Data Doctor: Don’t treat your digital camera like a film camera - East Valley Tribune: Business

Data Doctor: Don’t treat your digital camera like a film camera

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Posted: Monday, January 17, 2005 9:41 am | Updated: 9:29 am, Fri Oct 7, 2011.

January 17, 2005

Q: I got a new digital camera and love it, but I seem to be taking more bad pictures than good. Can you give me some tips on turning that around? — Jan

A: Digital cameras provide a lot of convenience for documenting the wonderful moments in our lives, but there are many differences between digital and film cameras.

The biggest mistake that most new users make is treating digital cameras like film cameras in the way pictures are taken.

First of all, they don’t respond the same as film cameras when you snap the image. Digital cameras typically have a slight delay between the press of the button and the actual capture of the image. This delay can easily translate into photos in which the object is off center or blurry from movement, or they have a variety of lighting issues.

Here are some tips:

• Hold still for at least two seconds after you press the button.

Another common problem is the distance between the camera and the object being shot. Too far and the subjects are not very sharp; too close and the image is blurry. Learn what distances are best for your particular camera by playing around with it before those special moments.

• Keep subjects between four and six feet from the camera, especially for photos of people.

Lighting is another big gotcha, because most users just let the camera decide when the flash is necessary. By now, we should all know that electronic devices that "guess" on our behalf are often times guessing wrong.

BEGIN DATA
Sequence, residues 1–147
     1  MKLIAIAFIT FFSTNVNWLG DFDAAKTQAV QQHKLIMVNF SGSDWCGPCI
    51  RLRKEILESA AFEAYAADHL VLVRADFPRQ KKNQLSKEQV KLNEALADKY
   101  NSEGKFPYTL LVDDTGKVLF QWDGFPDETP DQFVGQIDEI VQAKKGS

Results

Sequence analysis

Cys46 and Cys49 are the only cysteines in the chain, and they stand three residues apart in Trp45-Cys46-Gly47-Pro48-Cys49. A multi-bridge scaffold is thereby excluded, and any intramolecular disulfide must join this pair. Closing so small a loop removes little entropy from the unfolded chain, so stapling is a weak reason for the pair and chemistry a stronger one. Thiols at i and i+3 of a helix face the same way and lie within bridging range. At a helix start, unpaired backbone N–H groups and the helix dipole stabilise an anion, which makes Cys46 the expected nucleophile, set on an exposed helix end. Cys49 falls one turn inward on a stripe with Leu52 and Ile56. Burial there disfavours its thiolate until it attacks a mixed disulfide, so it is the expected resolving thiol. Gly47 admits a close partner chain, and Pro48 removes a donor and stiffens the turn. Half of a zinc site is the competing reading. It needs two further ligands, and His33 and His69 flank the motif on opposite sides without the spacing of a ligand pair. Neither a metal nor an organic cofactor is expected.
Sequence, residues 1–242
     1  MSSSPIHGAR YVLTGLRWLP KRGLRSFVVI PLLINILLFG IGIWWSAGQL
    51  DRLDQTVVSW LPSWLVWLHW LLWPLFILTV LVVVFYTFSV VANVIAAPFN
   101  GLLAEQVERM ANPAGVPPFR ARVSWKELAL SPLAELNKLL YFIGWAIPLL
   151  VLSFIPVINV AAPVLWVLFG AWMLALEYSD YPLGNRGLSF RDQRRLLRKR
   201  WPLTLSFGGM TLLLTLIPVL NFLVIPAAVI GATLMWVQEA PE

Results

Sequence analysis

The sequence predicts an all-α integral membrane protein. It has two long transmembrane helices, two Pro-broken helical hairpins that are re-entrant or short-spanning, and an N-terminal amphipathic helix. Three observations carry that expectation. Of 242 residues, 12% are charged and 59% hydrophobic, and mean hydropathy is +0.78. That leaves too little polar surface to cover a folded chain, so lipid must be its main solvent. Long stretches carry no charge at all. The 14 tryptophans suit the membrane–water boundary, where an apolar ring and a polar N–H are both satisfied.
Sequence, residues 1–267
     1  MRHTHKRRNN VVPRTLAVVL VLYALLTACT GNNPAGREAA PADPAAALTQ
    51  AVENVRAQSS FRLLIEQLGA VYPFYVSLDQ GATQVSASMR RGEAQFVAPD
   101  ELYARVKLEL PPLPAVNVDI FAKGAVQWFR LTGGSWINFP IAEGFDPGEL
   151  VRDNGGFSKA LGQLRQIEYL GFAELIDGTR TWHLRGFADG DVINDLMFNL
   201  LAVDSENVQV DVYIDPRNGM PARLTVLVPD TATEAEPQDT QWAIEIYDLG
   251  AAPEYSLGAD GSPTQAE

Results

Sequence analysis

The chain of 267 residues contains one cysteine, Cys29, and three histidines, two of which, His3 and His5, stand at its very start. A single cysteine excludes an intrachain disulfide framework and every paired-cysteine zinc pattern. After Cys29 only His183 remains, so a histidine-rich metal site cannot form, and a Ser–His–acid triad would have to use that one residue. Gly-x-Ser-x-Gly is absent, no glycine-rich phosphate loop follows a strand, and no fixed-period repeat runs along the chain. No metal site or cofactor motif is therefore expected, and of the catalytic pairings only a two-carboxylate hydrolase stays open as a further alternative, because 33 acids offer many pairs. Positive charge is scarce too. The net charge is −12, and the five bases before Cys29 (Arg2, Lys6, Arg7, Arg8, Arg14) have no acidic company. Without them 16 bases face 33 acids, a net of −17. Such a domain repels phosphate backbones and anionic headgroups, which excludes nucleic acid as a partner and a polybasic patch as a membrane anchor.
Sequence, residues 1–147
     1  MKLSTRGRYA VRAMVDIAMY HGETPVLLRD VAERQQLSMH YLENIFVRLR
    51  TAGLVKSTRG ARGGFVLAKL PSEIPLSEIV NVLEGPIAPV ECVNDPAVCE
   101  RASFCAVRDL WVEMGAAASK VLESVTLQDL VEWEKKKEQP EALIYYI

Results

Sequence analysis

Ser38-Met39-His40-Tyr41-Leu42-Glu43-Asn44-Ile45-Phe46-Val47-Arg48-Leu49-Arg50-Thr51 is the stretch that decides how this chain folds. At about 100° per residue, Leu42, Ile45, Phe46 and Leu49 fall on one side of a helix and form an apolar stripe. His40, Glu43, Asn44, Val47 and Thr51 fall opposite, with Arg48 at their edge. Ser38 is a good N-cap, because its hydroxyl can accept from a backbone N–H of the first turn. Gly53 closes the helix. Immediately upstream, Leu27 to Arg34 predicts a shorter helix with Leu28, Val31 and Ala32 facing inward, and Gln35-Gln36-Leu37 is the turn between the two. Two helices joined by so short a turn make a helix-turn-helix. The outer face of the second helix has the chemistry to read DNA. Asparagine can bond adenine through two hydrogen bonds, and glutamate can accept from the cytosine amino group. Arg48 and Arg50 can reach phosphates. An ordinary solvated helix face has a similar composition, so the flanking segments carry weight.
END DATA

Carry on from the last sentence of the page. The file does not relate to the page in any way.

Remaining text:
Don’t be afraid to turn on your flash, even on outdoor pictures. The extra lighting can make a world of difference on the subject. (Why do you think Hollywood spends so much time and money on lighting?)

Consider sometimes turning off the flash when the camera thinks that it is needed. The nice thing about digital photography is that you can take two or three versions of the same shot without worrying about wasting film.

• Turn your flash on, especially when the background is bright.

Aren’t those LCD viewers on the back of the camera great? Well, yes and no. Yes because you get some general idea of how the image looks, but no because the true detail of the image is not apparent.

Many times, what looks great on the little screen is out of focus or blurry when you view it on your computer’s screen. Don’t believe what you see on the little screen, and always take multiple shots of an important picture.

• Check the image by zooming in on the LCD viewer, especially for those important shots.

The zoom option for taking pictures can also be your worst enemy. There is an optical zoom and a digital zoom on most cameras. Optical is an actual lens-based zoom, while digital is simply an electronic enhancement of the image, which can cause a degradation in the image.

• Turn off the digital zoom so you don’t accidentally use it.

The final tip that will be most helpful for all users is to visit the manufacturer’s Web site for camera specific tips and, by all means, read the manual.

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